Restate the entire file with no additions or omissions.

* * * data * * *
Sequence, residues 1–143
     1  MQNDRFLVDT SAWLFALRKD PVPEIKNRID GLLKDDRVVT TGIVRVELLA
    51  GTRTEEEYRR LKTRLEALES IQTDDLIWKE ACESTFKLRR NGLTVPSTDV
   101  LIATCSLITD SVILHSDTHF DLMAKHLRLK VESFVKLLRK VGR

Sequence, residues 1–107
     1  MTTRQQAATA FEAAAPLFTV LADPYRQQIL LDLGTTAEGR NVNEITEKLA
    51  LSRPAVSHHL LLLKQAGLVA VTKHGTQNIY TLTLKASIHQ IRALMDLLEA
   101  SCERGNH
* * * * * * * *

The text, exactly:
Sequence, residues 1–143
     1  MQNDRFLVDT SAWLFALRKD PVPEIKNRID GLLKDDRVVT TGIVRVELLA
    51  GTRTEEEYRR LKTRLEALES IQTDDLIWKE ACESTFKLRR NGLTVPSTDV
   101  LIATCSLITD SVILHSDTHF DLMAKHLRLK VESFVKLLRK VGR

Sequence, residues 1–107
     1  MTTRQQAATA FEAAAPLFTV LADPYRQQIL LDLGTTAEGR NVNEITEKLA
    51  LSRPAVSHHL LLLKQAGLVA VTKHGTQNIY TLTLKASIHQ IRALMDLLEA
   101  SCERGNH